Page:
Jumby Bay, A Rosewood Resort
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Jumby Bay, A Rosewood Resort
Jumby Bay, A Rosewood Resort
Jumby Bay, A Rosewood Resort
Jumby Bay, A Rosewood Resort
Jumby Bay, A Rosewood Resort
Jumby Bay, A Rosewood Resort
Jumby Bay, A Rosewood Resort
Jumby Bay, A Rosewood Resort
Jumby Bay, A Rosewood Resort
Jumby Bay, A Rosewood Resort
Jumby Bay, A Rosewood Resort
Jumby Bay, A Rosewood Resort
Jumby Bay, A Rosewood Resort
Jumby Bay, A Rosewood Resort
Jumby Bay, A Rosewood Resort
Jumby Bay, A Rosewood Resort
Jumby Bay, A Rosewood Resort
Jumby Bay, A Rosewood Resort
Jumby Bay, A Rosewood Resort
A private-island resort six minutes by boat off the coast of Antigua, Jumby Bay is one of the Caribbean’s top luxury, all-inclusive stays, and one of its most environmentally aware. A $28 million renovation in 2010, which included the addition of 28 suites and a first-ever spa, gave it all the digital-age essentials: 42-inch flat-screen TVs, iPod docking stations, Bose sound systems, free Wi-Fi. Yet its underlying spirit of environmental responsibility, highlighted by its hawksbill sea turtle preservation program and its banishment of wheeled vehicles except for golf carts and bicycles (every room comes with two bikes), continues to reign. Rosewood manages the resort, but it belongs to an association of island homeowners, some offering their properties for rent. So if, say, a 1,346-square-foot beach-view pool suite isn’t big enough, it is possible to do as celebs such as Hillary Swank, Jim Carey, and Paul McCartney have done and plop down up to $20,000 per night for a private villa or estate home. Couples can be perfectly content here, but it is especially attractive to families, who appreciate programs like the Rose Buds kids' club.
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Neighborhood Vibe
Jumby Bay occupies 85 acres of a 300-acre private island that is essentially a gated community surrounded by the Caribbean Sea. It is just minutes from the airport—so close, in fact, that it's sometimes in the flight path of planes taking off and landing. Few guests seem to mind the airplane noise, though, and many of them seldom leave the property. History buffs may want to get out to visit Nelson’s Dockyard at English Harbour, once the focal point of British Naval might in the Caribbean, and now a national park. While there, stay for lunch at the Admiral’s Inn or even the sunset drinks and weekly Sunday evening party at nearby Shirley Heights. Closer to the resort, the 18 holes of the Cedar Valley Golf Club are about 15 minutes from Jumby Bay’s private dock on the mainland.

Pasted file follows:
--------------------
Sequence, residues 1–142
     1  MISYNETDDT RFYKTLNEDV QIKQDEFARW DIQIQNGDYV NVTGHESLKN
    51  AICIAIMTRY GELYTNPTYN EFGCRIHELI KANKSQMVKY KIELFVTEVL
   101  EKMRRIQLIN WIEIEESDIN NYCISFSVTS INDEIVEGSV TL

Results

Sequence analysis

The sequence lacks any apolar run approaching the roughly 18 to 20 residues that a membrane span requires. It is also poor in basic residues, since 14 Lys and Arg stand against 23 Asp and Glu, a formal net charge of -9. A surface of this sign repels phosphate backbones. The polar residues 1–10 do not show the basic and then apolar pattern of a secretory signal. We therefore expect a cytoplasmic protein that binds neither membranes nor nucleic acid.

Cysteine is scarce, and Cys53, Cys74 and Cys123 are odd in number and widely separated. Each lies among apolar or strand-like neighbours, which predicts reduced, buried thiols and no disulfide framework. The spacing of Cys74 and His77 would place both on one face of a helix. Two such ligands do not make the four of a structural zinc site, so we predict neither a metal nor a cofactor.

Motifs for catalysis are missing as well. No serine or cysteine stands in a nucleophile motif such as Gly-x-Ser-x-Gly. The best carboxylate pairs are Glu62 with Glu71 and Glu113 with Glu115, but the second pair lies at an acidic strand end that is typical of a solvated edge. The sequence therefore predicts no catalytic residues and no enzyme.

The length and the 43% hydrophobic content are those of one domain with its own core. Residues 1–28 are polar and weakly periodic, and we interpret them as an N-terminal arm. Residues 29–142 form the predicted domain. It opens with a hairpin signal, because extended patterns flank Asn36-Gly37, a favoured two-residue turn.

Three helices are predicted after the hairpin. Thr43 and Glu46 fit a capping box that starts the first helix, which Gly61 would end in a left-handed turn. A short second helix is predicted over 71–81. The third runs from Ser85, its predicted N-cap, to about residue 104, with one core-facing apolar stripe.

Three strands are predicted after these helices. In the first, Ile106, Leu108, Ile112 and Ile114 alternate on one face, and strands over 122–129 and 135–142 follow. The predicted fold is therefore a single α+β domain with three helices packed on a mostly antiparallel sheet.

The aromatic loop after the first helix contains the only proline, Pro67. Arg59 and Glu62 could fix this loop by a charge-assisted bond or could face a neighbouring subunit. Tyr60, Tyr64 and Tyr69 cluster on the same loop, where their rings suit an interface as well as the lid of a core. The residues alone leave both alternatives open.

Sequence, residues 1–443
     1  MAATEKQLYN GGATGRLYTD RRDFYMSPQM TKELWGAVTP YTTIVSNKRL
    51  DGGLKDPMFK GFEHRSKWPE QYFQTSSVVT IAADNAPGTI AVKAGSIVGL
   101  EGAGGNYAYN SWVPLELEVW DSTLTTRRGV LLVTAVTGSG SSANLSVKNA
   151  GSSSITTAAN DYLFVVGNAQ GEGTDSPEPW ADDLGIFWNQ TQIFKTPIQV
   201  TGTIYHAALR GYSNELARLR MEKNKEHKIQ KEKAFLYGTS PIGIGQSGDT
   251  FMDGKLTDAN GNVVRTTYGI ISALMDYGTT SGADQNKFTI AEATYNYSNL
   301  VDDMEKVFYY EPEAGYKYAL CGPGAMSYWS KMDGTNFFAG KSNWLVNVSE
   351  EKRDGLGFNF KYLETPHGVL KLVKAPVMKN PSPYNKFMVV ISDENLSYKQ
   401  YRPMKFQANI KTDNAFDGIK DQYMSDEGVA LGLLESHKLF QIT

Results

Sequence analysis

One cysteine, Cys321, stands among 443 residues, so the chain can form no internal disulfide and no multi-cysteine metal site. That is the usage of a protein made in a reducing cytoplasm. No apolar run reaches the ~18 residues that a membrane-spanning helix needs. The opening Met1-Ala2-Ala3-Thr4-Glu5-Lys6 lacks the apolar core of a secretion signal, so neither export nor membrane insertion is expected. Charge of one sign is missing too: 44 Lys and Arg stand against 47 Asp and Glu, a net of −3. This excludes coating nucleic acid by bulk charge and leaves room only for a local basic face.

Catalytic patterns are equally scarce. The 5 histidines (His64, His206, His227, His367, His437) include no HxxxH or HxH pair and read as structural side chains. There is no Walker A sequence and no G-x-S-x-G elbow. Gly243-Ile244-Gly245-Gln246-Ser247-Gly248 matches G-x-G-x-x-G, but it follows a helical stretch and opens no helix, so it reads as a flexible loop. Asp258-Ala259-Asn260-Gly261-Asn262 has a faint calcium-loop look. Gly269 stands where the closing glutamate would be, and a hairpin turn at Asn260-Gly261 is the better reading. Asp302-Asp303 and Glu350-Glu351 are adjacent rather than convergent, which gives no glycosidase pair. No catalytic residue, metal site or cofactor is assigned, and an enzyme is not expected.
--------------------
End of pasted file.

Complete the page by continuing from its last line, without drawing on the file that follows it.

Need to Know
Rooms: 40 rooms, including 28 suites. From $1,050 low season, $1,595 high season.
Check-in: 3 p.m.; check-out: noon.
Dining options: While the Estate House restaurant, with its Italian cuisine, is the most stylish “special occasion” dining venue at Jumby Bay (the butternut ravioli is a favorite), the open-air Verandah, with its beachside bar, is the social gathering center and go-to dining spot for breakfast, lunch, and dinner, especially for the weekly White Night barbecue party, when guests are encouraged to dress in white. The other lunch choice is the Pool Grille, where guests can order burgers and salads without ever leaving their chaise lounge.
Spa and gym details: The stone entryway and vaulted ceilings of Sense, A Rosewood Spa, were inspired by the ruins of the island’s sugar mill. Five treatment suites, including one for couples, use ingredients grown in Jumby Bay’s gardens. A favorite feature is hammocks that allow guests to feel as if they're floating on air during massage treatments. The gym is open 24 hours.
Insider Tips
Who’s it for: Well-off families who will love activities such as a little chefs program, and, because it is never too young to get them started, a junior spa menu for guests as young as four.
Our favorite rooms: The one-bedroom Pool Suites have their own pool, of course, and a view of the sea, but for couples the special touch is the rain shower and outdoor tub tucked away in a private garden.
Local highlight: Between June and November, sign up for a nighttime opportunity to watch hawksbill turtles deposit their eggs on secluded Pasture Bay Beach and see tiny hatchlings make their way across the sand back into the sea.
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